JIS News

Story Highlights

  • Head of the JCF Corporate Communications Unit, Superintendent Stephanie Lindsay, told JIS News that persons should avoid taking large sums of cash when conducting transactions.
  • Superintendent Lindsay emphasised that persons should avoid going into isolated or crowded areas alone and recommended that they leave expensive jewellery, gadgets, phones and laptops at home, when possible.
  • Superintendent Lindsay also urged that business owners use a reputable courier service to transport cash to and from the bank.

The Jamaica Constabulary Force (JCF) is urging shoppers to take all the necessary steps to lessen the likelihood of being victims of robbery while conducting financial transactions during the ‘back-to-school’ period.

Head of the JCF Corporate Communications Unit, Superintendent Stephanie Lindsay, told JIS News that persons should avoid taking large sums of cash when conducting transactions.

“Minimise the use of actual cash at this time and go more for a credit card and a debit card. You want to be very clear about where you are going and what is it that you are looking for, so you can sort your cash accordingly. Have an idea of how much you will be spending and where. In that way you can manage the cash and you don’t have to be taking out large sums of money in public,” she added.

Superintendent Lindsay emphasised that persons should avoid going into isolated or crowded areas alone and recommended that they leave expensive jewellery, gadgets, phones and  laptops at home, when possible.

She pointed out that when persons leave their goods on car seats, it can encourage persons to break into the car and steal the items. Instead, she suggested that shoppers leave their goods in the store where it was purchased and carpool.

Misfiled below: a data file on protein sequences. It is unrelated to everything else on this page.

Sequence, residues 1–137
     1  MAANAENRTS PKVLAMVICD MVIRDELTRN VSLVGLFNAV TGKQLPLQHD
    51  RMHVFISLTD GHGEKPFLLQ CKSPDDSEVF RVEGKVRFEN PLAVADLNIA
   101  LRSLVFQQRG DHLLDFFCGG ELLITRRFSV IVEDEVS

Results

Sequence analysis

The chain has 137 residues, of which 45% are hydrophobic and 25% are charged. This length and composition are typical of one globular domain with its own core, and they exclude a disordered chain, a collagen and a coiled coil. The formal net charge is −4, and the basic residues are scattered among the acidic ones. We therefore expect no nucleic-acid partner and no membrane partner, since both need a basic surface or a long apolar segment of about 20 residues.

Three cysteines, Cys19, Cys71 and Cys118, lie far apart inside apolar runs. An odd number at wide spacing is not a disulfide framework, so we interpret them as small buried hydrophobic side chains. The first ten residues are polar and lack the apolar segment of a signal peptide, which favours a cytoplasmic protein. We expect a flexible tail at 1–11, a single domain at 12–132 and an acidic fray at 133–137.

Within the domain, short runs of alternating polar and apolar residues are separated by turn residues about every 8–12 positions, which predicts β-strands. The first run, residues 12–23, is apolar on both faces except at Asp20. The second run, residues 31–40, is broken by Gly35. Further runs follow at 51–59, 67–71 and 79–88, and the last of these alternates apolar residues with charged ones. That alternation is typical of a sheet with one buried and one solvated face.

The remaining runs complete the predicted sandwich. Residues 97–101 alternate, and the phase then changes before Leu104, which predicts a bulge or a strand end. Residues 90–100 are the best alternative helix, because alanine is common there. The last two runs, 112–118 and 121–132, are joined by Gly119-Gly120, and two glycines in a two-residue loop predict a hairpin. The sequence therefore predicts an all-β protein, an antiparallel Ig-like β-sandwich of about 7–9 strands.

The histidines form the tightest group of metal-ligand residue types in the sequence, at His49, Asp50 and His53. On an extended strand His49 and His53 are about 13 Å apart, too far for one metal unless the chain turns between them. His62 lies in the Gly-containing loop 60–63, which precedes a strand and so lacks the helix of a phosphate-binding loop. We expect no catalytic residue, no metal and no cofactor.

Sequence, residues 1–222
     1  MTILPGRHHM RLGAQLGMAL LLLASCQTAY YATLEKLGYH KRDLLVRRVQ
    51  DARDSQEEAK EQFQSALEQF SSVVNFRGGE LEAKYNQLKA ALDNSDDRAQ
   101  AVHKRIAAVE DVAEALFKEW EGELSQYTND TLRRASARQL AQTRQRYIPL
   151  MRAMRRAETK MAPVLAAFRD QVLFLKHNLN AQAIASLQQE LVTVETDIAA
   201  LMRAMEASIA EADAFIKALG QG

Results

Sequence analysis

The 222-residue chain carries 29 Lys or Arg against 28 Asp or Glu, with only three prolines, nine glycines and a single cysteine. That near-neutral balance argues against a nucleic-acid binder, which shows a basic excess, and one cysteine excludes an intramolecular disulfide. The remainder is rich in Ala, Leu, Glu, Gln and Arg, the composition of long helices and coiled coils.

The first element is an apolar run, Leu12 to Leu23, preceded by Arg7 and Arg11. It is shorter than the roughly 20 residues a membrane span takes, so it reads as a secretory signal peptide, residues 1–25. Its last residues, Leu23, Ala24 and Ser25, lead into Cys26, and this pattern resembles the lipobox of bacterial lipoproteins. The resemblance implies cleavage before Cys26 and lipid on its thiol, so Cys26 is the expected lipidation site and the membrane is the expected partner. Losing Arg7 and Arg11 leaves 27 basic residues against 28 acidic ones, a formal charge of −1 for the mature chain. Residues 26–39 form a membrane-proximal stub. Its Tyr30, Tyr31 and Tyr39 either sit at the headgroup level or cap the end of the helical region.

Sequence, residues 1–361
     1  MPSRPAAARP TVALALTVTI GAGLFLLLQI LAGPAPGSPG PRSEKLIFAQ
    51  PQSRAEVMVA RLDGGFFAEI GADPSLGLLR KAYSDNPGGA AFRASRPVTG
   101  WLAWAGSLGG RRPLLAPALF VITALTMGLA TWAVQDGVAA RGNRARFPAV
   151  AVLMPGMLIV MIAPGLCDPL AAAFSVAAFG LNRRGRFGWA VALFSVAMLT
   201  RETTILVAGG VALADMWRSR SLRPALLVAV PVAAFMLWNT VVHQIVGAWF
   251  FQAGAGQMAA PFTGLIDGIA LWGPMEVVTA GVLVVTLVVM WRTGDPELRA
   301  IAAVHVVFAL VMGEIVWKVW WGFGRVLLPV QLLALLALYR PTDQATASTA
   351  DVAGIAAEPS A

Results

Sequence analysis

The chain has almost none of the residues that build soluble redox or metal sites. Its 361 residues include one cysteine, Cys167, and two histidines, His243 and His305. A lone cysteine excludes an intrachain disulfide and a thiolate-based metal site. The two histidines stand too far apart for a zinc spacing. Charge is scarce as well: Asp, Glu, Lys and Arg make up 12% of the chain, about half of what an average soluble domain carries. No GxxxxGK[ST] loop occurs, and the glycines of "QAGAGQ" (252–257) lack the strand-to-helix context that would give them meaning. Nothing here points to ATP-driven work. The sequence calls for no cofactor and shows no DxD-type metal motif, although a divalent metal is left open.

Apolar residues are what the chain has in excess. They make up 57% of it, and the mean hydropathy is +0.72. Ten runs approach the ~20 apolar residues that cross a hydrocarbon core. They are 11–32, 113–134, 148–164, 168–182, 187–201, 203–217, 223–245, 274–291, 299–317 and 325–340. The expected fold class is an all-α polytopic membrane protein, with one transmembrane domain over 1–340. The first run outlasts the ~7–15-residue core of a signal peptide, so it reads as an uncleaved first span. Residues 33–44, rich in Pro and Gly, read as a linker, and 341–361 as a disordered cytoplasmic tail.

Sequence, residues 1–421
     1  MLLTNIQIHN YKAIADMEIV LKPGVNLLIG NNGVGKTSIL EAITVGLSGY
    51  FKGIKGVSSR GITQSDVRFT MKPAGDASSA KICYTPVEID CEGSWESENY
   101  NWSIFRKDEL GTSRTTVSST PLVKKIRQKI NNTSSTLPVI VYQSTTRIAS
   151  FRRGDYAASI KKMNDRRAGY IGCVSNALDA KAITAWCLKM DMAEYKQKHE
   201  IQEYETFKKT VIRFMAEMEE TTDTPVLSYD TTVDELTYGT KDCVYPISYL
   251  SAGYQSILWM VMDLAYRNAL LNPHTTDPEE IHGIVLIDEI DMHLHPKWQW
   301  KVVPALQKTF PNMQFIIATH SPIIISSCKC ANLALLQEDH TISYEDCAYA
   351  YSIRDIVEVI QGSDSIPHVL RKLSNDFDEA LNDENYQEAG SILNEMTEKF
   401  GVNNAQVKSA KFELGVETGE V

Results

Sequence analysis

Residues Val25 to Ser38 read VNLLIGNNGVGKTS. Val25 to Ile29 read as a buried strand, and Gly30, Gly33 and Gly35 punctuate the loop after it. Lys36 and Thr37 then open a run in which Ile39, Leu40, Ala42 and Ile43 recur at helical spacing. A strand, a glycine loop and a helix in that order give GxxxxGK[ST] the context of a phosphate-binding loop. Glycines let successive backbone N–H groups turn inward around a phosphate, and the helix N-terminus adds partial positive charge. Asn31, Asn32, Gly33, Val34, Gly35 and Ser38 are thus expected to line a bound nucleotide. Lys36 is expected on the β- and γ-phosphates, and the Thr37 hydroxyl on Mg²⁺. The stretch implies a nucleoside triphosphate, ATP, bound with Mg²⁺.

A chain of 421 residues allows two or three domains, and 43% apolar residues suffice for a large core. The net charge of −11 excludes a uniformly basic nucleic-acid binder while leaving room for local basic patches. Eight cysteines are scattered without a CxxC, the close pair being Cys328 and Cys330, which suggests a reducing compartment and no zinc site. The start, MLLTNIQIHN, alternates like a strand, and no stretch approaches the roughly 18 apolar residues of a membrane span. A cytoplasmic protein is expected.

“If you need to get additional cash from an ATM, use one that is in a busy area where persons can see you, and one that is well-lit and secured, if you go at night,” she urged.

Superintendent Lindsay also warned that persons should look out for ‘con artists’ (persons who present themselves as victims with sad stories),  beggars, overly helpful persons, people soliciting a drive or asking for directions, especially persons  pretending to know you.

She added that business operators who handle large sums of cash need to be equally cautious.

“Do not direct your employee or employees to travel with large sums of cash to or from the bank. Look out for persons who may be loitering, not shopping,” she advised.

Superintendent Lindsay also urged that business owners use a reputable courier service to transport cash to and from the bank.

“We also encourage that you make arrangements with your local Police for them to escort someone with cash to the banking facility, and this is of no cost to the business operators. All we ask is that you make the arrangements and give the officers sufficient time, so that they can plan it within the operational activities for the day,” she said.

Superintendent Lindsay is reminding persons to use the panic button on the Stay Alert mobile application to inform the Police that they are in distress.

The mobile app may be downloaded from the Google Play Store.